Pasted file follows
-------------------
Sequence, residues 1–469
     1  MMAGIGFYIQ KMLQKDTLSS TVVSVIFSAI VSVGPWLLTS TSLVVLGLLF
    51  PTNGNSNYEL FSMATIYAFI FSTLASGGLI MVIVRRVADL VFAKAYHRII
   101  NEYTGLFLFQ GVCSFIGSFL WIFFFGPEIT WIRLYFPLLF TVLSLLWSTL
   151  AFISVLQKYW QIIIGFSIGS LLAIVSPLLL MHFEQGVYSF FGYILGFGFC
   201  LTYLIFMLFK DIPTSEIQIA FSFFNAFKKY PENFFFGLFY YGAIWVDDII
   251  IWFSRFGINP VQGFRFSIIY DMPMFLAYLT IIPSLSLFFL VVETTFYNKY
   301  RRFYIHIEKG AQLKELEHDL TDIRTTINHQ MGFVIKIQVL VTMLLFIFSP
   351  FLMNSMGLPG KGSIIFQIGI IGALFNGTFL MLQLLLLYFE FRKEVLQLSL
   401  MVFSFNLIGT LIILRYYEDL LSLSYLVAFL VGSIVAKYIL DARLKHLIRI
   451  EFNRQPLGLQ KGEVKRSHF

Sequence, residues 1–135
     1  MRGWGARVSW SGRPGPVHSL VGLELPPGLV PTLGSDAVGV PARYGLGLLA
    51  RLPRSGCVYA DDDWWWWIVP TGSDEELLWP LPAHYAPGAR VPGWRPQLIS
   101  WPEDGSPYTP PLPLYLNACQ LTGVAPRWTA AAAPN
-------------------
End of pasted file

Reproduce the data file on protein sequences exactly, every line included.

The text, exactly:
Sequence, residues 1–469
     1  MMAGIGFYIQ KMLQKDTLSS TVVSVIFSAI VSVGPWLLTS TSLVVLGLLF
    51  PTNGNSNYEL FSMATIYAFI FSTLASGGLI MVIVRRVADL VFAKAYHRII
   101  NEYTGLFLFQ GVCSFIGSFL WIFFFGPEIT WIRLYFPLLF TVLSLLWSTL
   151  AFISVLQKYW QIIIGFSIGS LLAIVSPLLL MHFEQGVYSF FGYILGFGFC
   201  LTYLIFMLFK DIPTSEIQIA FSFFNAFKKY PENFFFGLFY YGAIWVDDII
   251  IWFSRFGINP VQGFRFSIIY DMPMFLAYLT IIPSLSLFFL VVETTFYNKY
   301  RRFYIHIEKG AQLKELEHDL TDIRTTINHQ MGFVIKIQVL VTMLLFIFSP
   351  FLMNSMGLPG KGSIIFQIGI IGALFNGTFL MLQLLLLYFE FRKEVLQLSL
   401  MVFSFNLIGT LIILRYYEDL LSLSYLVAFL VGSIVAKYIL DARLKHLIRI
   451  EFNRQPLGLQ KGEVKRSHF

Sequence, residues 1–135
     1  MRGWGARVSW SGRPGPVHSL VGLELPPGLV PTLGSDAVGV PARYGLGLLA
    51  RLPRSGCVYA DDDWWWWIVP TGSDEELLWP LPAHYAPGAR VPGWRPQLIS
   101  WPEDGSPYTP PLPLYLNACQ LTGVAPRWTA AAAPN